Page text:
¶ 40). Even though the Phase I Trial was not scheduled
to end until January 2017, Juno advanced to a Phase II trial
on August 21, 2015. (Id. at ¶ 42). Juno stated
in its 2015 Annual Report that the ROCKET Trial “could
support accelerated U.S. regulatory approval as early as
Juno drug in clinical trials, JCAR014, was similar enough to
JCAR015 for Juno to cite data from the JCAR014 trials in
analyzing the JCAR015 Trials, including the ROCKET Trial.
(Id. at ¶¶ 43, 47). JCAR014 and JCAR015
require the same chemotherapy treatments before the infusions
and target the same CD19 proteins. (Id. at ¶
44). JCAR014 caused severe cytokine release syndrome in 23%
of acute lymphoblastic leukemia patients and severe
neurotoxicity in 50% of those patients. (Id. at
¶ 45). Six patients, including 3 acute lymphoblastic
leukemia patients, died from those two side effects during
the JCAR014 trial. (Id. at ¶ 46). The
plaintiffs point out that Juno's 2015 Annual Report
showed that 11 of the 20 patients in the JCAR014 trial who
received the cyclophosphamide and fludarabine drug
combination experienced severe cytokine release syndrome or
severe neurotoxicity; 35% experienced severe neurotoxicity.
(Id. at ¶ 48). None of the 12 patients who
received only cyclophosphamide experienced severe cytokine
release syndrome, and only 17% of those patients experienced
severe neurotoxicity. (Id.).
acknowledged the potentially deadly side effects of its CD19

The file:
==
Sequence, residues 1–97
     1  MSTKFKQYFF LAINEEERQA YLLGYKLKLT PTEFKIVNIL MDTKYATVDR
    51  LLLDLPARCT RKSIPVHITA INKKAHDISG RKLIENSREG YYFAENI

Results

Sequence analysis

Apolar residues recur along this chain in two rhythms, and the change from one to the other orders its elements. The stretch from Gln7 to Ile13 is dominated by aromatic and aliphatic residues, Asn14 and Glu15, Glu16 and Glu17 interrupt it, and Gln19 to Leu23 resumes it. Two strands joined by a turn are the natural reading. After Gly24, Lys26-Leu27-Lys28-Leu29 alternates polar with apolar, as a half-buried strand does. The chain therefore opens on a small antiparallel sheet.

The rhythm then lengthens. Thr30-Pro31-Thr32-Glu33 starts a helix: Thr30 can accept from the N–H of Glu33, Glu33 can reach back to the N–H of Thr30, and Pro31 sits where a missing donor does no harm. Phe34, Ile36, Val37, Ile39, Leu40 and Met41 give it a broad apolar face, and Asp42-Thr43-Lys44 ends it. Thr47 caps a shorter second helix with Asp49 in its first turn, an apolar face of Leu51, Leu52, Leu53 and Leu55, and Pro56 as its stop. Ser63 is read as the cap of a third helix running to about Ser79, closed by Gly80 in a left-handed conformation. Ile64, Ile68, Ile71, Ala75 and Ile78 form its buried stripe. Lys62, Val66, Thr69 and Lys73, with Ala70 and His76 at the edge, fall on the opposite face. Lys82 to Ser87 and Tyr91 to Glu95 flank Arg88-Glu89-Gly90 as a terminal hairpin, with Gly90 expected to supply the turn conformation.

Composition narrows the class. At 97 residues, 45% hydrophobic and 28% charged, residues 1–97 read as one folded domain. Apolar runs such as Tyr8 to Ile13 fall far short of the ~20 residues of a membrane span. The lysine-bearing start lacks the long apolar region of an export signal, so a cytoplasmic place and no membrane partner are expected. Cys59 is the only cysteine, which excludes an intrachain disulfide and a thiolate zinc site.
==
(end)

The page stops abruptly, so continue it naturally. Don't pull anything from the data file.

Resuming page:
product candidates, including JCAR015, in various media. Its
2015 Annual Report explained that the “use of our
product candidates could be associated with side effects or
adverse events which can vary in severity from minor
reactions to death and in frequency from infrequent to
prevalent.” (Id. at ¶¶ 6, 27). The
Annual Report stated that Juno had “seen severe
neurotoxicity . . . in some cases leading to death, in a
number of patients . . . using each of JCAR015, JCAR017, and
JCAR014.” (Id. at ¶ 27 (emphasis
omitted)). In a different lawsuit brought under the federal
securities laws, Juno acknowledged in a pleading that
“Car-T therapy can have serious and deadly side
effects, including severe neurotoxicity that can damage the
brain and cause cerebral edemas and death.”
(Id. at ¶ 28 (emphasis omitted)). The
plaintiffs allege that “Juno's knowledge of such
risks is also evidenced by various papers and presentations
that it, its officers, employees, agents, and researchers
working on its clinical trials, published in various
publications or presented to various conferences and
meetings.” (Id. at ¶ 29).
July 2016, Juno's clinical tests for its CAR-T therapy
drugs used a chemotherapy drug cocktail of cyclophosphamide
and fludarabine. (Id. at ¶ 16). After three
patients died in July 2016, Juno stopped using that drug
Holland's Involvement in the JCAR015 ROCKET
regular oncologist suggested that CAR-T immunotherapy might
be a treatment option after her lymphoblast levels fell below
0.1% after several rounds of chemotherapy. (Id. at
¶¶ 50-51). Holland was referred to a pediatric
oncologist at the M.D. Anderson Cancer Center, Dr. Michael E.
Rytting. Holland and her parents met with Dr. Rytting to
discuss CAR-T options in May 2016. (Id. at
¶¶ 51-52). Dr. Rytting told them that Holland could
be a candidate for Juno's Phase II JCAR015 ROCKET Trial.
(Id. at ¶ 52).
William Wierda was the Study Chair for the ROCKET Trial at
M.D. Anderson and the investigator responsible for